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Questions About Threatening

A threat is a communicated intention of an individual to cause harm to another. Threatening someone is an act of force or pressure that brings about a negative response.

Is threatening someone a crime and can legal action be taken against it? Below are some frequently asked questions about threatening and answers about how best it can be dealt with in an effective manner.

In Missouri, can an individual take a person to court for threatening to take the individual’s children away and for wrongly accusing the individual?

In such circumstances, the individual can file criminal charges against the person who threatens them. One can also sue the person civilly for harassment.

Is it legal for a parent - of an individual with a disability - to threaten eviction and cut off money if the individual does not sign a power of attorney to the parents?

The parents of an individual - who is an "occupant" on premise - can withdraw in writing, the person’s right to reside on premises at any time and seek an eviction. However, they cannot force the disabled individual to sign any forms such as Health Insurance Portability and Accountability Act (HIPAA). If the individual wishes to stay on the premises, what they seek would be allowed, as long as there is no force involved.

In the State of Virginia, what action can a person take when his wife is threatening divorce and also threatening to move out of the State with their children against their will?

Virginia is a Uniform Child Custody Jurisdiction and Enforcement Act (UCCJEA) state which means that without a court order that opposes the same, a primary caretaker can move to another place with the child. The non-custodial parent, however, must be allowed to have ‘reasonable’ contact with the child.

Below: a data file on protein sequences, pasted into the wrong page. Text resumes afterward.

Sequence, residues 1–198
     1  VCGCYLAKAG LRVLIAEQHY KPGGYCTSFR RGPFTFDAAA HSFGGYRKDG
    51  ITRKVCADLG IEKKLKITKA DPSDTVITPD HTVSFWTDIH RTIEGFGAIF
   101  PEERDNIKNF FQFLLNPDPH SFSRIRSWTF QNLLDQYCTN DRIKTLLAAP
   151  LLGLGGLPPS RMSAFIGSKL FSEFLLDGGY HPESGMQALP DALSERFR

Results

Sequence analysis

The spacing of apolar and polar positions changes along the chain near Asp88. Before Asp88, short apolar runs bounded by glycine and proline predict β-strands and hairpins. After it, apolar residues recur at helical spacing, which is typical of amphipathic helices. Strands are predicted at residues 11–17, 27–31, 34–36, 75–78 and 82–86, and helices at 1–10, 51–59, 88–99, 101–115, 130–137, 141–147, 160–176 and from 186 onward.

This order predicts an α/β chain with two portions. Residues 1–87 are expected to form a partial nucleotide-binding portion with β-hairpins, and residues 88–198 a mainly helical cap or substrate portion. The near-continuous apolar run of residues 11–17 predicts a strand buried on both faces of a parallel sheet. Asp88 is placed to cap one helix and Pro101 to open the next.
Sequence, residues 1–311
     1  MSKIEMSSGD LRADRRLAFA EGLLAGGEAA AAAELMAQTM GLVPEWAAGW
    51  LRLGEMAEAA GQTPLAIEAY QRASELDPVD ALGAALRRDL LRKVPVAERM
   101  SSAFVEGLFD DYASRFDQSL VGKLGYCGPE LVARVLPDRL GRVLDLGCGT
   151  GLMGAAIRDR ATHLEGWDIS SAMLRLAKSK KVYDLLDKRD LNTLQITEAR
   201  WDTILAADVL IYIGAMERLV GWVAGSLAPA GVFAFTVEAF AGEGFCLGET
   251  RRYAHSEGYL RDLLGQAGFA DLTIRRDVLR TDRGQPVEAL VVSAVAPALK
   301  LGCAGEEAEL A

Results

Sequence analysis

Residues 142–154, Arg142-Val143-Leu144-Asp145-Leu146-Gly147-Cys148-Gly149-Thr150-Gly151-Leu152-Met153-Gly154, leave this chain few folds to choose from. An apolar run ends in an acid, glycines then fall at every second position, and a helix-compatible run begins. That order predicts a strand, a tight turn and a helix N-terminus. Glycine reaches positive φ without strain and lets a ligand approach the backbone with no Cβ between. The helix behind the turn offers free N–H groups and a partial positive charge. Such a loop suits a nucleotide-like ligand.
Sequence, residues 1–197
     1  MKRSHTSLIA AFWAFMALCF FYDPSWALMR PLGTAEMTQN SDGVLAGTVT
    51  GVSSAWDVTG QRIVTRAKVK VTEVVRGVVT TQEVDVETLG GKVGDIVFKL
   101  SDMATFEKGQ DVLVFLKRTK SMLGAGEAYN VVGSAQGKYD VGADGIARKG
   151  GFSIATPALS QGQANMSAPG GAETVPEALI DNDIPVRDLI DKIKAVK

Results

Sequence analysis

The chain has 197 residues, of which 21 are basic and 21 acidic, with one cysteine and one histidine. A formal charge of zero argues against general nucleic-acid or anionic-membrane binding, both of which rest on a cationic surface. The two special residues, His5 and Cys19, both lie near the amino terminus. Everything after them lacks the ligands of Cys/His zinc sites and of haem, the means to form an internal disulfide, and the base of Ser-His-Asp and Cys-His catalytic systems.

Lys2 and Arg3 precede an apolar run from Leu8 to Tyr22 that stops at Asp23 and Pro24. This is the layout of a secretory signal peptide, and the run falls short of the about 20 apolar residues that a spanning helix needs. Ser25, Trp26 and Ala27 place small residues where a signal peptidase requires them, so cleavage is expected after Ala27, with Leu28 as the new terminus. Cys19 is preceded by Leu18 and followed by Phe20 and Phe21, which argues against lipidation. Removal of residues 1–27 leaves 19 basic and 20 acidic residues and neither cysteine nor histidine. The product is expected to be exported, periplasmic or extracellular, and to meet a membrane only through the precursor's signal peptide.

Once the move is in effect, the non-custodial parent can file for custody in the state of origin (in this case, Virginia) for up to six months and any court proceeding would have to take place in the Virginia court.

The court’s order will be whatever is in the best interest of the children.

What are the rights of a person whose ex-spouse, who cheated on the person, threatens to stop paying child support for one of their children who feels harassed by the father?

If the ex-spouse stops paying child support as ordered by the court, it will result in contempt of court, a criminal offense that is punishable by way of a fine and jail.

In the case of the child feeling harassed by the father, the mother would have to file for a modification of the existing child custody to prevent the father from contacting the child unnecessarily.

Threatening can take place in various forms – emotional, physical and psychological. It can leave a negative impact on the individuals on the receiving end of the threats. In order to deal with threatening effectively, it is important to know one’s right, laws and legal procedures. Should you find yourself or someone you know in a situation of being threatened, ask the Experts who will address your queries to the best of their knowledge and understanding.
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